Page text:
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GPS - From Stones to Satellites

Uploaded by picco20 on Feb 09, 2002

The Stone Age

In the early days of man, navigation was composed remembering objects as fixed points of reference. Leaving a trial of stones, marking trees and referencing mountains are examples of primitive navigational aids. The principles of this kind of navigation has evolved and is even present in today?s sophisticated navigational aids.

The Star Age (Trigonometry)

Identifying points of reference on land was easy. However, man started to explore the oceans where the only points of reference were the sun, the moon and the stars. Naturally they became points of reference and celestial navigation began. The position of stars and their geometrical arrangement looks different at different positions on the earth. Therefore, by observing the configuration of stars, one could estimate his position. For better accuracy special optical instruments were invented to measure the angles between stars. The data was then transferred to special charts where a position could be calculated. However, measuring angles with stars was limited to clear nights and only accurate to several miles.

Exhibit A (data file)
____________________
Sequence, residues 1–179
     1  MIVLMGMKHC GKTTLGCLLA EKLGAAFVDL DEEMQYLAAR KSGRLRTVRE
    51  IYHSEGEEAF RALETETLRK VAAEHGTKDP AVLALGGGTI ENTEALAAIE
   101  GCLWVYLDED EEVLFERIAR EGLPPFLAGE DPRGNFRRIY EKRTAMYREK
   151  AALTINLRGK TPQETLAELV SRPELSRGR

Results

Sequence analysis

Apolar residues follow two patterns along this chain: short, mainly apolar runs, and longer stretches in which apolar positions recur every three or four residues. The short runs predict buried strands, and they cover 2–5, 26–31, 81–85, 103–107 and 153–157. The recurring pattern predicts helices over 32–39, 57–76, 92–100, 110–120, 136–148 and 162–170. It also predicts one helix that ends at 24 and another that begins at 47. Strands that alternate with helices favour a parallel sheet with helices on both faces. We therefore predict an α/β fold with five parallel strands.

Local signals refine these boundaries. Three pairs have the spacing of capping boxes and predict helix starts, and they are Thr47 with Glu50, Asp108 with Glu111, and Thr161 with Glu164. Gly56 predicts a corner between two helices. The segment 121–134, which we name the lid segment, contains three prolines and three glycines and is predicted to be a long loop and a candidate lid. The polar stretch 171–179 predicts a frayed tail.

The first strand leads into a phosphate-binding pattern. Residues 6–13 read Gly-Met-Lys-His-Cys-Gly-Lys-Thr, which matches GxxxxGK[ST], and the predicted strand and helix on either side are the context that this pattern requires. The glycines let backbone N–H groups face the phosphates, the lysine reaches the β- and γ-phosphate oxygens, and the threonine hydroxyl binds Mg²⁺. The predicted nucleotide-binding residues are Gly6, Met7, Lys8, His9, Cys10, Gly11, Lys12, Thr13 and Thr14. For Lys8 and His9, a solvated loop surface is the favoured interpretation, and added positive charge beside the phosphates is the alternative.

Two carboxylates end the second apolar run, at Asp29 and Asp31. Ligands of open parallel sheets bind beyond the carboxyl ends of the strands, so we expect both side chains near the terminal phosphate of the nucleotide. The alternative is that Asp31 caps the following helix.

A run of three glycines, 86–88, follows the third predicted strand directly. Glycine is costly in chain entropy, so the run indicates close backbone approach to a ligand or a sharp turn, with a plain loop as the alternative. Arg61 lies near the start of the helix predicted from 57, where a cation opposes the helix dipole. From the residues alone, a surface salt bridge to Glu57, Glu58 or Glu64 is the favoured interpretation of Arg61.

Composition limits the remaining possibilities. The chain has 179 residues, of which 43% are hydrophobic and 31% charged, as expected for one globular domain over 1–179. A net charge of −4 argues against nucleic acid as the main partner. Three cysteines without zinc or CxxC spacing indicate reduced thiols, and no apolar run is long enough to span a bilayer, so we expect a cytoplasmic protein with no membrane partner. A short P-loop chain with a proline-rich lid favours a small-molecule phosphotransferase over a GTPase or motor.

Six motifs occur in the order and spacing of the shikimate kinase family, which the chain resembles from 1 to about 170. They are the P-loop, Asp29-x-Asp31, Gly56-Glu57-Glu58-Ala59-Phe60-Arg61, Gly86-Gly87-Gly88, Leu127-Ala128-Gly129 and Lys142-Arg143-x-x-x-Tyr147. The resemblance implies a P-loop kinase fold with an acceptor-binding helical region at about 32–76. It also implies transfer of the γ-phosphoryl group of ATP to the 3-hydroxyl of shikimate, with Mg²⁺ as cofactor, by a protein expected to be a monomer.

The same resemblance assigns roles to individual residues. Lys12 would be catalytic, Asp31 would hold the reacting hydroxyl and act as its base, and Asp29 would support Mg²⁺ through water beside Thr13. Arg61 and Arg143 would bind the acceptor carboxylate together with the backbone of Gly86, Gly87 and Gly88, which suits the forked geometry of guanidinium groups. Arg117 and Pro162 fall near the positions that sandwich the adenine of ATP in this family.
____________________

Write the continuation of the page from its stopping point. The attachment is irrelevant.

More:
Radio Age (Distance = Velocity X Time)

Around the middle of the century, scientists found a way to measure distances using radio signals. The basic concept is simple and works by using the relationship between distance, speed (around the speed of light for radio signals), and time. Accurate measurement of the signals time is important since on microsecond (one millionth of a second) equals 300m.

Below is how a radio receiver/transmitter (LORAN system) calculates ones position

The exact location of point A is programmed into a special radio receiver. The receiver when turned on measures the distance from the transmitter as 1000m. However, this does not tell us where we are but rather narrows our location to any point on a 1000m circle around the tower as shown in Figure 1.

Next assume that a second radio tower B is programmed into the receiver. The receiver when turned on measures the distance to tower B at 750m. Now we have two pieces of information: our distance to point A is1000m and our distance to point B is750m. So we are on circle A and circle B at the same time. Therefore we must be at the intersection of the two circles, one of the two points P or Q shown in Figure 2.

Measuring our distance to a third radio tower C would identify exactly where we are. Transmitters A, B, and C together are called a transmitter "chain". A chain...

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Uploaded by:   picco20

Date:   02/09/2002

Category:   Science And Technology

Length:   8 pages (1,688 words)

Views:   1716

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